Autumn Statement and the NHS

Posted by Bruce Potter on
Yesterday’s Autumn Statement brought welcome news to the NHS, promising to ‘front-load’ the increase in funding that has been identified as necessary to deliver the Five Year Forward View, with a £3.8bn of ‘extra funding’ for the health service in 2016-17.

The NHS has for some time held back from taking the decisive and radical service changes that everyone agrees need to be made to tackle its budgetary and service growth challenges, until more funding was made available.

It’s pretty clear that after yesterday, the Government won’t be giving the NHS any further large amounts of advanced funding to deliver the Five Year Forward View, and so now it has to get on with making what it does have work. That means above all integration, the vanguards and the new models of care – providing joined up sustainable healthcare services. The extra funding today will help, but critically there will not be enough new funding to allow rapid service transition, it will take longer than the NHS (and patients) might want, but it still has to happen.

The other point is that after yesterday the NHS certainly can’t expect significant help from any other parts of government to deliver that reform because everywhere else has suffered major cuts to budgets.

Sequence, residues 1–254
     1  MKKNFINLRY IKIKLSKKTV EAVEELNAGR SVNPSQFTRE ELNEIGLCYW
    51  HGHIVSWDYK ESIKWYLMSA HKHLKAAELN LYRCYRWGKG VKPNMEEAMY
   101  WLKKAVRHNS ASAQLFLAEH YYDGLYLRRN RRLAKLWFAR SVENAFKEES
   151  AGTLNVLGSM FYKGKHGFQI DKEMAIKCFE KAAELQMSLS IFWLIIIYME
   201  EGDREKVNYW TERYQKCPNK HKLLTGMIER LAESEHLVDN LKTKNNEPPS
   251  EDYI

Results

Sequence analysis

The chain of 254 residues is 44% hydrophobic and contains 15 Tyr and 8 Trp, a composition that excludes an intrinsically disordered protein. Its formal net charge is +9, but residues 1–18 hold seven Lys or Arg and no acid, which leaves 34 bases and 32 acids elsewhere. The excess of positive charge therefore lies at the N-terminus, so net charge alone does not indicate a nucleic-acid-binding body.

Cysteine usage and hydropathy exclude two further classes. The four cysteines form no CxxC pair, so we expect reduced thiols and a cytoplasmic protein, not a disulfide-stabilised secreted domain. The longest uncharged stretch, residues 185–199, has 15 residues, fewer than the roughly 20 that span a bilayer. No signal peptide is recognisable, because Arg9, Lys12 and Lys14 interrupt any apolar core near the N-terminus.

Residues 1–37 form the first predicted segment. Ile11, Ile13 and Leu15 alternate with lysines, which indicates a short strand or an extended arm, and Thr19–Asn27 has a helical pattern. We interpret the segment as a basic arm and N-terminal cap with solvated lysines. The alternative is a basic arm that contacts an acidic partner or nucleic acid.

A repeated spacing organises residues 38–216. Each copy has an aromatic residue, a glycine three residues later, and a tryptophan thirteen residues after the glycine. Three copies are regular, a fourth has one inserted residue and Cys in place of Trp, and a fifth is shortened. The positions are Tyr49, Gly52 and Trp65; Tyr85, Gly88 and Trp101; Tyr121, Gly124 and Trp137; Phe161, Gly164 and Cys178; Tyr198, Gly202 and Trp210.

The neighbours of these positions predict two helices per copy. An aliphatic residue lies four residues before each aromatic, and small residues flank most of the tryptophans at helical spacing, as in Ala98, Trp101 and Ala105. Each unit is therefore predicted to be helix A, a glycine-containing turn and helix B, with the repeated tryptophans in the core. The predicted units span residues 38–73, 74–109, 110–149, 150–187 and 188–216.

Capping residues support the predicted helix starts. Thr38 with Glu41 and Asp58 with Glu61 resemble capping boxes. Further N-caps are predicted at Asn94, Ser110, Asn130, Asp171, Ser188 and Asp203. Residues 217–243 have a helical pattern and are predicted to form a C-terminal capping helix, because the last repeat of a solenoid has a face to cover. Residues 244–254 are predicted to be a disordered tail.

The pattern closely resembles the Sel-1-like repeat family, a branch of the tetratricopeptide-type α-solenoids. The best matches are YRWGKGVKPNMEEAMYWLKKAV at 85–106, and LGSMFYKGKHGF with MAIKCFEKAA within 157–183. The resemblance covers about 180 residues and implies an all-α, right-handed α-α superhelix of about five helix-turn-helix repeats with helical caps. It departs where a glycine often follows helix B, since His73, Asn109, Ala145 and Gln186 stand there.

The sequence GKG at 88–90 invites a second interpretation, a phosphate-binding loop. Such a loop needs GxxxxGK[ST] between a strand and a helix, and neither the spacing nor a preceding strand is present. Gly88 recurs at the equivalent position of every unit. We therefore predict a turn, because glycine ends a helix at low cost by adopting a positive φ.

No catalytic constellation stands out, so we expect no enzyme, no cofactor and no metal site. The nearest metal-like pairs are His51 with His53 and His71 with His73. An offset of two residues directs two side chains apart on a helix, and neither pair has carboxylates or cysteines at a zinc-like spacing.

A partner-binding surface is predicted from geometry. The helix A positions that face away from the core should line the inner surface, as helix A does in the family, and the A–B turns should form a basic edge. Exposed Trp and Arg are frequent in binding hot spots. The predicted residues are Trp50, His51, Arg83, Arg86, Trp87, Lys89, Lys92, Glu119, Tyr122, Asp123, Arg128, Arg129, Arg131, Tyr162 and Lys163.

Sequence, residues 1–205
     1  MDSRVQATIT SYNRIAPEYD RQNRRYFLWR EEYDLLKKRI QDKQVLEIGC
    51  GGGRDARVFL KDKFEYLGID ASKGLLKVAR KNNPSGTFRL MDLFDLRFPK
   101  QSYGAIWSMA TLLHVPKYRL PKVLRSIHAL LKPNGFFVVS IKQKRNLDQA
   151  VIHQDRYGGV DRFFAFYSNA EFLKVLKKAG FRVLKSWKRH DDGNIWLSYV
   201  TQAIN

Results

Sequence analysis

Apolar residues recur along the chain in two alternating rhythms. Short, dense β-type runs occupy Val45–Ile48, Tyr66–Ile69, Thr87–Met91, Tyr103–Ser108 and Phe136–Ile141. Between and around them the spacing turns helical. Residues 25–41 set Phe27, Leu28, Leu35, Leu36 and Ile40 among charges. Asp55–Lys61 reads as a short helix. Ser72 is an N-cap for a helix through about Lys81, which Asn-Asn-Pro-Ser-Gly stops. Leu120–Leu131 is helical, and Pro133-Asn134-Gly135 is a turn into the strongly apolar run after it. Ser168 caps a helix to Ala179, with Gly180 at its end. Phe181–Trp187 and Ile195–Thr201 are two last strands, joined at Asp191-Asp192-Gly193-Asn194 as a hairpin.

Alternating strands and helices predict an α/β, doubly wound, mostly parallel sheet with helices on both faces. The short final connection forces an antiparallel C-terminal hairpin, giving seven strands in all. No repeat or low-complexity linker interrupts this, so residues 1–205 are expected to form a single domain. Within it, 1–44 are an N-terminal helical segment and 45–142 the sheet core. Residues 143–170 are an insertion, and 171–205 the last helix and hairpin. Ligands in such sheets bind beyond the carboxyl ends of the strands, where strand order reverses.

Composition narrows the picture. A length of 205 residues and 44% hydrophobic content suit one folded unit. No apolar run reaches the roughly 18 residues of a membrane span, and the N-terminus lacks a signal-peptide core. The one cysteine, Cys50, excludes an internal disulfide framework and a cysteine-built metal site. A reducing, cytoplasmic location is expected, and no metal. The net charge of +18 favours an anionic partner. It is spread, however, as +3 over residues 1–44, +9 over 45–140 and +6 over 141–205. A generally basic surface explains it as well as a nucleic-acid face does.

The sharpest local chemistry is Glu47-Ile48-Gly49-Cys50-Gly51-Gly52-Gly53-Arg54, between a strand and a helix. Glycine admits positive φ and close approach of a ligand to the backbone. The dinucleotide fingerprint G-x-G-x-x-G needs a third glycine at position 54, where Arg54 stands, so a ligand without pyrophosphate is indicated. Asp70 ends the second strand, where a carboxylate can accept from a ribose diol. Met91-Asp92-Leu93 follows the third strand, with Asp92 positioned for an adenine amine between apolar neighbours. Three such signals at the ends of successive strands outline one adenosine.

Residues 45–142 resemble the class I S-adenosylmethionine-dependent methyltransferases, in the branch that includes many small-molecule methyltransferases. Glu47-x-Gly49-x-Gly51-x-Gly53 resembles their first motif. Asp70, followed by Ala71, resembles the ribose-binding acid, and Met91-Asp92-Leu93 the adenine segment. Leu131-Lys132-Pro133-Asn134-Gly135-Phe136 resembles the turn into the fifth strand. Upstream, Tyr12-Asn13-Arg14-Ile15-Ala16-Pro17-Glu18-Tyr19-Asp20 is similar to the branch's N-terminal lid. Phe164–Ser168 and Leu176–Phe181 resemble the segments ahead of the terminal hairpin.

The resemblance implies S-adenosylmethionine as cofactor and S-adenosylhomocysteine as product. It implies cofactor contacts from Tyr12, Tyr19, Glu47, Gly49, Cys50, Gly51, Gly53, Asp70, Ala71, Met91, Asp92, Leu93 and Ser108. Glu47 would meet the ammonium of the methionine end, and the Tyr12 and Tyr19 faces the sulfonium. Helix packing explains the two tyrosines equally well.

Specifically in the social care space, which is of vital interest to the NHS ,to support early discharge, the new 2% precept that local councils can levy for social care is in effect a whole new taxation system.  It will take time to establish, never mind collect. Significant receipts from this local care tax won’t be seen for a long time.

Moreover how the NHS spends its money will be in even sharper focus now than ever before. NHS England has clearly been given special treatment and this will mean that the burden of delivering integration will fall on the NHS much more than other parts of local or central government. The NHS has to accept that the special treatment it has received comes at a cost, but surely it would rather have that burden and the funding it has got, so it has a chance to lead and deliver the change that is desperately needed.

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Bruce advises both private and public organisations on all aspects of commercial, corporate policy and governance advice.

Bruce Potter
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